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Distribution of Sexts Illegal

Written By: Will Lewis

A new trend known as “revenge porn”is plaguing campuses across the world, but is also finding a specific home in the southeastern United States.

A recent poll issued by the Electronic Journal of Human Sexuality surveyed college freshmen at an unspecified southeastern university.

 

The survey revealed that of 1,652 undergraduates who were polled, approximately 70 percent had both sent and received sexually suggestive text messages. The study went on to reveal that 31 percent of respondents shared these texts with a third party.

 

The sharing of sexually explicit messages has sparked a global controversy and sponsored new legislation in Israel, Germany and various states within the United States.

 

In March the Georgia House and Senate passed HB 838 which makes the distribution of explicit content without the consent of the subject illegal.

 

The bill, which was sponsored by Kevin Tanner, R-Dawsonville, makes the distribution of revenge porn a high level misdemeanor and a felony after the first offense.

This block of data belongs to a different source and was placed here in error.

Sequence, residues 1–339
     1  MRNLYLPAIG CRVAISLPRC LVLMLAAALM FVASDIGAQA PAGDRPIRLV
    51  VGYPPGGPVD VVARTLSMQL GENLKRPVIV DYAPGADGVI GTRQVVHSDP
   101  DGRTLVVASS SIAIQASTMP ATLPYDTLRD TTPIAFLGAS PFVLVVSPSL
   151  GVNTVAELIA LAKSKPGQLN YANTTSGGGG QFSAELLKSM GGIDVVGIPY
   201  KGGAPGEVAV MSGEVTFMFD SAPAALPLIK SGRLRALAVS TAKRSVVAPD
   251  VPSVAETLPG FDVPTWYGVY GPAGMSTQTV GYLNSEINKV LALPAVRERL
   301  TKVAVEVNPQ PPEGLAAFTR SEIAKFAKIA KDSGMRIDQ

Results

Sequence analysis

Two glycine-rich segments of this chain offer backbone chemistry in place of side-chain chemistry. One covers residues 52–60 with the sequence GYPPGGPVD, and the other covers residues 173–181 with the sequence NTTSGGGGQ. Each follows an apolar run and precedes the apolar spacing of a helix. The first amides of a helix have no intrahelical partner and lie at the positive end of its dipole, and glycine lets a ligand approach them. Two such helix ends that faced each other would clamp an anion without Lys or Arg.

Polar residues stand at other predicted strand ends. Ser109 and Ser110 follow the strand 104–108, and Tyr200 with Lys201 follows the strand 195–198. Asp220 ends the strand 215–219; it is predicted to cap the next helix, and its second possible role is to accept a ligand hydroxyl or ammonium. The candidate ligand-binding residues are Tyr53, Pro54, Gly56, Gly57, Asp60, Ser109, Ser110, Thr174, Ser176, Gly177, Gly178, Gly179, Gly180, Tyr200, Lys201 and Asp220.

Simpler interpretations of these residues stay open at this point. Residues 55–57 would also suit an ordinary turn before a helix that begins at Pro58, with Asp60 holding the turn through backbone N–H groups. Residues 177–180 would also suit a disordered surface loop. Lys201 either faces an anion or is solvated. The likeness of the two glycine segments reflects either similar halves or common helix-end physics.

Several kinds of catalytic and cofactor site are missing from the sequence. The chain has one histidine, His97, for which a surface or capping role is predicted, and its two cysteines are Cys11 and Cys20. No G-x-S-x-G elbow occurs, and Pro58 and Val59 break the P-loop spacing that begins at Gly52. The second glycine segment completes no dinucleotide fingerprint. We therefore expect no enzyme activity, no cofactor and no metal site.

The trend has sprung to the forefront of public opinion following the infamy of revenge porn sites such as Hunter Moore’s IsAnyoneUp.com. Moore’s site encouraged the unsanctioned posting of nude photos and videos of men and women along with their contact info, names, addresses and much more.

 

The harassment can have severe consequences for the subjects of the photographs, something that Holly Jacobs found out soon after her image was posted by a disgruntled ex-boyfriend.

 

“I paid $500 to legally change my name. MY NAME,”Jacobs wrote in a blog post last year.

 

 “This was agonizing. I was quite fond of my name. Sure, it was never a name fit for a celebrity or anything; it was way too long. But not many people out there can say that they have a kick-ass, uniquely spelled first name, and an exotic Hawaiian middle name that means “Beautiful Flower.””

 

Of course, the consequences are more severe for many more victims, with high suicide rates among those affected.

 

“If we’re to tackle the problem, we need to stop viewing the internet as “virtual”reality,”Lily Kendall wrote in a blog post about the epidemic. “We need to recognize that the internet is a real, tangible location for rights violations. For victims of revenge porn, there is nothing “virtual”about their experience. There is nothing “virtual”about moving house, changing your name, being stalked, or committing suicide.”

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